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Disclosure: I am an Amazon Affiliate, and will earn a small percentage if you order a book on Amazon after clicking through from my site.

Source: This review is based on a library book from Fairfax County Public Library.

Disclaimer: I am a professional librarian, but the views expressed are solely my own, and in no way represent the official views of my employer or of any committee or group of which I am part.

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Review of Lights! Camera! Alice! by Mara Rockliff, illustrated by Simona Ciraolo

Saturday, May 30th, 2020

Lights! Camera! Alice!

The Thrilling True Adventures of the First Woman Filmmaker

by Mara Rockliff
illustrated by Simona Ciraolo

Chronicle Books, 2018. 56 pages.
Starred Review
2018 Sonderbooks Stand-out:
#4 Children’s Nonfiction Picture Books

Who knew? One of the first people to create movies was a woman! This is from the note at the back:

Alice Guy-Blaché (1875-1968) was the first woman in the world to make movies – and one of the very first moviemakers, period. Long before Hollywood turned from silent films to “talkies,” Alice directed the first sound films ever made. She was also one of the first to film made-up stories instead of real events. (Some historians say she was the first, while others credit the Lumière brothers or Georges Méliès.) Between 1896 and 1920, Alice made over seven hundred movies, and her studio, Solax, produced hundreds more. She truly earned the title “Mother of the Movies.”

This picture book biography dramatizes Alice’s life without enormous amount of text and plenty of visuals. She grew up in France and got her start there, but came to America and made movies outside New York City. But the rise of Hollywood and the start of World War I meant her studio went out of business.

Each “episode” of her life has a “title card” like the old-fashioned title cards used in silent movies, and it turns out that each one is the title of a movie Alice made, with titles like “A Terrible Catastrophe,” “The Great Discovery,” “Starting Something,” “Imagination,” and “Her Great Adventure.”

There’s lots of back matter, and I took the time to look up one of Alice’s short films on YouTube. I was quite taken with this amazing woman I’d never heard of before – who changed the world.

mararockliff.com
chroniclekids.com

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Disclosure: I am an Amazon Affiliate, and will earn a small percentage if you order a book on Amazon after clicking through from my site.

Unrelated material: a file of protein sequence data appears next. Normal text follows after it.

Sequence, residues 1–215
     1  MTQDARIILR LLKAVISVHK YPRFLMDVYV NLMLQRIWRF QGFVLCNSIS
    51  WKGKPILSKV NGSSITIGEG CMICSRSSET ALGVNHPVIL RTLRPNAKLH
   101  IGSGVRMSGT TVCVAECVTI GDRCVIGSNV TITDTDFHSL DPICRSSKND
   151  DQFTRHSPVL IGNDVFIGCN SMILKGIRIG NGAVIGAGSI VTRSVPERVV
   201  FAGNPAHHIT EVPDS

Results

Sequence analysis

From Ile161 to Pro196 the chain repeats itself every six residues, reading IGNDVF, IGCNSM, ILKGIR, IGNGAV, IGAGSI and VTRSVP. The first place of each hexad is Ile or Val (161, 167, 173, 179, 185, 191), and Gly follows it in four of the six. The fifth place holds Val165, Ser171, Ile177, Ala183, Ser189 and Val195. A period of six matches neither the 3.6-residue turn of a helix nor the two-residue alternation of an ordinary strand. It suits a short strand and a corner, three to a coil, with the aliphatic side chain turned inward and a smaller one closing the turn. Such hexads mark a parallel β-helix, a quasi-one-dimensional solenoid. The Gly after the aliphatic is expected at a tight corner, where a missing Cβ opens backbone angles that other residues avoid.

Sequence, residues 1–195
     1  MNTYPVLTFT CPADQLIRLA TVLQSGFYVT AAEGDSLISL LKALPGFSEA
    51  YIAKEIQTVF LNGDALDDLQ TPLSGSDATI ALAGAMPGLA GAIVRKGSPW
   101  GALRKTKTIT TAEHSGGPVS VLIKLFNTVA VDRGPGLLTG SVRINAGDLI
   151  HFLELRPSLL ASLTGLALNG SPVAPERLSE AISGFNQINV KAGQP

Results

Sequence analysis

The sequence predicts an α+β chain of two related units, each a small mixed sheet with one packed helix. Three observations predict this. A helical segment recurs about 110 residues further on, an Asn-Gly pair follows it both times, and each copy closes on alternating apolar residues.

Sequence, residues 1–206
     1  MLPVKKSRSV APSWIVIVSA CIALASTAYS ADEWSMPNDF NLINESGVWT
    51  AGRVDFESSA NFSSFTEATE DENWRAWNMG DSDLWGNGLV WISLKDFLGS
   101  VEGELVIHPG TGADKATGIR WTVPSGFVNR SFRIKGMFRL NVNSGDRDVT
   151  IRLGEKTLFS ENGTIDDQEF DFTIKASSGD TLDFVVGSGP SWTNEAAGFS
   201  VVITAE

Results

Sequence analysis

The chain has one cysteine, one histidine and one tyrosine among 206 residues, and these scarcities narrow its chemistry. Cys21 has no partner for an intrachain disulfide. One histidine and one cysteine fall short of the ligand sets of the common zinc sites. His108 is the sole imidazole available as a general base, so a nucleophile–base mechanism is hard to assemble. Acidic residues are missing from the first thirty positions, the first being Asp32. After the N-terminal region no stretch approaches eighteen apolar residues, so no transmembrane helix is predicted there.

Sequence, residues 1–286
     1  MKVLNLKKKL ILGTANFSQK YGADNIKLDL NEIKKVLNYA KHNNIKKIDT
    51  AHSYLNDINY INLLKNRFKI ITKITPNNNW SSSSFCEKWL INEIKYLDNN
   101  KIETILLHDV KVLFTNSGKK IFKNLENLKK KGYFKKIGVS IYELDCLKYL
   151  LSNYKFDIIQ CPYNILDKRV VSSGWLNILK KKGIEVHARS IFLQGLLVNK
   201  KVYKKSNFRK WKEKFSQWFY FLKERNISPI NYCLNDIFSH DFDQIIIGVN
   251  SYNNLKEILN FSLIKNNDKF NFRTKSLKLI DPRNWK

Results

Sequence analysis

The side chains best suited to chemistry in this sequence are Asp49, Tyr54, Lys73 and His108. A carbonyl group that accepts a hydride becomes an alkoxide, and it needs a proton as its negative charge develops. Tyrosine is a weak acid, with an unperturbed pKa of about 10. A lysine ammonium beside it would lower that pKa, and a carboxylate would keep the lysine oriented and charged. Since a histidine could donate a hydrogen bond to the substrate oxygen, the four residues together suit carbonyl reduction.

Source: This review is based on a library book from Fairfax County Public Library.

Disclaimer: I am a professional librarian, but the views expressed are solely my own, and in no way represent the official views of my employer or of any committee or group of which I am part.

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Review of Calling All Minds, by Temple Grandin

Wednesday, May 20th, 2020

Calling All Minds

How to Think and Create Like an Inventor

by Temple Grandin
with Betsy Lerner

Philomel Books, 2018. 228 pages.
Starred Review
Review written September 23, 2018, from a book sent by the publisher
2018 Sonderbooks Stand-out:
#3 Longer Children’s Nonfiction

As the blurb on the cover of the book states, Temple Grandin is a “World-Renowned Scientist, Inventor, and Expert on Visual Thinking.” She is also autistic. This book outlines some of the things that fascinated her as a child and led to her becoming a world-renowned inventor.

All along the way in this book, she presents projects for kids to experiment with. And for the most part, we’re not talking about simple craft projects, though there are a few of those. Many things involve sawing lumber or cutting pieces to the right size. I also like the way she suggests tinkering with the creations to get the results you want.

A note to readers and their parents right at the front warns which projects “require the use of sharp objects or power tools.” I think this makes the book all the more fascinating for an inquisitive mind.

I love the way she fills the book with stories of things that made her curious as a child. But I think my favorite part is where she explains about patents and how they work. She’s got many diagrams from patents used in the illustrations. But best of all is that she encourages kids to indulge in this curiosity, too:

My grandfather stimulated my early interest in science and invention. There may even be a genetic link that explains our shared interest. You can look up one of his patents, Patent No. US2383460A, for a magnetic field responsive device. His invention makes the autopilot on airplanes work. A really fun thing to do online is to look up patents. You can easily find any invention; just type in “Google patent” and enter key words for whatever you’re interested in. It’s much easier to search Google than the government patent site, though you can use that, too.

Here’s how she finishes the introductory chapter: